In many ways, the oceans still remain a great mystery to us. We don’t even know how old the oceans are. It seems certain that in the first stages of the earth’s growth no oceans existed.
Today, man is exploring the bottoms of the oceans to learn more about them. Covering the floor of the ocean to a depth of 12,000 feet is a soft, oozy mud. It is made up of the limy skeletons of tiny sea animals. The floor of the deep, dark regions of the sea, where the water is more than four miles deep, is covered by a fine, rusty-colored ooze called “red clay.” It is made up of tiny parts of skeletons of animals, the coverings of tiny plants, and volcanic ash.
The way the depth of oceans is measured today is by sending down sound waves which are reflected back from the bottom. The depth is found by measuring the time it takes for the sound wave to make the round trip and dividing this time in half.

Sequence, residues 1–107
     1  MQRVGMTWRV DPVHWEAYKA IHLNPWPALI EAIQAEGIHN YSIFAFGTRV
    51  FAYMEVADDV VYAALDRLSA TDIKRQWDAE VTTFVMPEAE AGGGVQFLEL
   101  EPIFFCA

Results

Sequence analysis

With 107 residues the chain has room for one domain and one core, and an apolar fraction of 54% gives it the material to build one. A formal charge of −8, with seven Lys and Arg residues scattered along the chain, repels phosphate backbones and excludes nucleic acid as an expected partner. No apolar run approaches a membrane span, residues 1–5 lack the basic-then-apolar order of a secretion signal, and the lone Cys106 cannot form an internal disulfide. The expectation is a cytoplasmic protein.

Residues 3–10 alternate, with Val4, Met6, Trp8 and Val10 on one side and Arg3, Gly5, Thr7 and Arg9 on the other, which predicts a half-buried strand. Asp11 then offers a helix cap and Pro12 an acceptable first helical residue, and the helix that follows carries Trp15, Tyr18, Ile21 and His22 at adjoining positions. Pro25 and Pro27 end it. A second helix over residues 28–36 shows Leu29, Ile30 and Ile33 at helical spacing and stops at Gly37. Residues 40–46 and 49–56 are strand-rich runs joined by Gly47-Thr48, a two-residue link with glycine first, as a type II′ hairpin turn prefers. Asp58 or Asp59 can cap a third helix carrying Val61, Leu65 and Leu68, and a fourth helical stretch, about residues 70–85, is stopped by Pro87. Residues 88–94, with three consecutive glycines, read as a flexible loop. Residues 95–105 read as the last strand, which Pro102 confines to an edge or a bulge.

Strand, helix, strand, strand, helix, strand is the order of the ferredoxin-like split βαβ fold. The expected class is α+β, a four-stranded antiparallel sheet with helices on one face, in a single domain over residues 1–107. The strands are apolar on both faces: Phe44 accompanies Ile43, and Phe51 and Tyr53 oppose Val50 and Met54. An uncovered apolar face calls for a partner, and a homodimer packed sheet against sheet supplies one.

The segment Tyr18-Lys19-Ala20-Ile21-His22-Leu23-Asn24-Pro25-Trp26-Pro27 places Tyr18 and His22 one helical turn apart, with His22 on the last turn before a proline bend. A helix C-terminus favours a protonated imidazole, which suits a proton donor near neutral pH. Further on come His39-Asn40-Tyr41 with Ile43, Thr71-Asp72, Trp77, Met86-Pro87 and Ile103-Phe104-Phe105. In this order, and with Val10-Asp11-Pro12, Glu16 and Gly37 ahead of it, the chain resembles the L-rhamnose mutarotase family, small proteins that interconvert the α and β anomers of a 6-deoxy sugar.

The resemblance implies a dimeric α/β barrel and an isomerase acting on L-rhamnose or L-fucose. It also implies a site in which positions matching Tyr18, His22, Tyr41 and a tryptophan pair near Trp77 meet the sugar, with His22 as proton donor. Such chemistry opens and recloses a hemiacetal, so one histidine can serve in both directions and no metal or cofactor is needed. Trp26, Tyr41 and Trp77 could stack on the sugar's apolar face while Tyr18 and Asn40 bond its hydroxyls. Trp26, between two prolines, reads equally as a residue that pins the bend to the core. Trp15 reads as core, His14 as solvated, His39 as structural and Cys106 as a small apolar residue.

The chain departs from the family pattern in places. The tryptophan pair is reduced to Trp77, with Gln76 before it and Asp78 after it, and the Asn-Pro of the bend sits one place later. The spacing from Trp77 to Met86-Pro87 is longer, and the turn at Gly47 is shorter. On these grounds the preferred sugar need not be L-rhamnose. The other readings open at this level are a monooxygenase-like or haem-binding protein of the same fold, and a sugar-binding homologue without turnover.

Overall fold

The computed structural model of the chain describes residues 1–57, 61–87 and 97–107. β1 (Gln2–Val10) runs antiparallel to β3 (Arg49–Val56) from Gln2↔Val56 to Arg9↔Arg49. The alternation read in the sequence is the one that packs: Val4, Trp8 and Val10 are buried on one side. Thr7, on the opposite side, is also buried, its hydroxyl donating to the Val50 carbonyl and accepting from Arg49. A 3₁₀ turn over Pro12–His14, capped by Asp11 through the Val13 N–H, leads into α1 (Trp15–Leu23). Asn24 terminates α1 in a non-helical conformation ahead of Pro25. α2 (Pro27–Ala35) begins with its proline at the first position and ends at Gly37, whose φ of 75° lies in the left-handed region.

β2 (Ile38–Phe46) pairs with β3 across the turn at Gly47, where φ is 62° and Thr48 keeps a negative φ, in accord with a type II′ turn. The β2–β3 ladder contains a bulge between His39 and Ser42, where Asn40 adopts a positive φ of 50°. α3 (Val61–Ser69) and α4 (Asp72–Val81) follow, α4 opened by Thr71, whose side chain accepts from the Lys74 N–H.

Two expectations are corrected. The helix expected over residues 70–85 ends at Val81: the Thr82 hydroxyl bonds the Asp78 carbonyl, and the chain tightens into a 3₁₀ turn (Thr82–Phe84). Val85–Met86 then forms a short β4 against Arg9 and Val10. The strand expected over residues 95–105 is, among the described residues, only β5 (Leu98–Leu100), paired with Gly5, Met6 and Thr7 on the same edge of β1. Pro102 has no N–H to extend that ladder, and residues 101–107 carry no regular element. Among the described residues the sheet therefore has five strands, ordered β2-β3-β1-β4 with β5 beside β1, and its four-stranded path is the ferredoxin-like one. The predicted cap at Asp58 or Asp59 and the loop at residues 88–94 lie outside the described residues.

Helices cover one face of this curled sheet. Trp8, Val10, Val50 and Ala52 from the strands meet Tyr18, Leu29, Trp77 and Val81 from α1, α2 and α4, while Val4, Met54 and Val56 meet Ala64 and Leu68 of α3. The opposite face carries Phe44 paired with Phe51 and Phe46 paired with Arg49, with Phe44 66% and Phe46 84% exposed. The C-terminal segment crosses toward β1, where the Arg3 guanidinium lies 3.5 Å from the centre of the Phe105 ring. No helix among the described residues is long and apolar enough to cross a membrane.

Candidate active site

Based on these measurements, we have a pretty good idea of the average depth of various oceans, and also the deepest point in each one. The ocean which has the greatest average depth is the Pacific Ocean. This is 14,048 feet. Next in average depth is the Indian Ocean which has an average of 13,002. The Atlantic is third with an average depth of 12,880 feet. The Baltic Sea is at the other extreme, with an average depth of only 180 feet!
The single deepest spot so far known is in the Mariana Trench. It’s in the Pacific near Guam, with a depth of 35,400 feet. The next deepest spot is in the Atlantic off Puerto Rico where it measures 30,246 feet. Hudson bay, which is larger than many seas, has its deepest point at only 600 feet!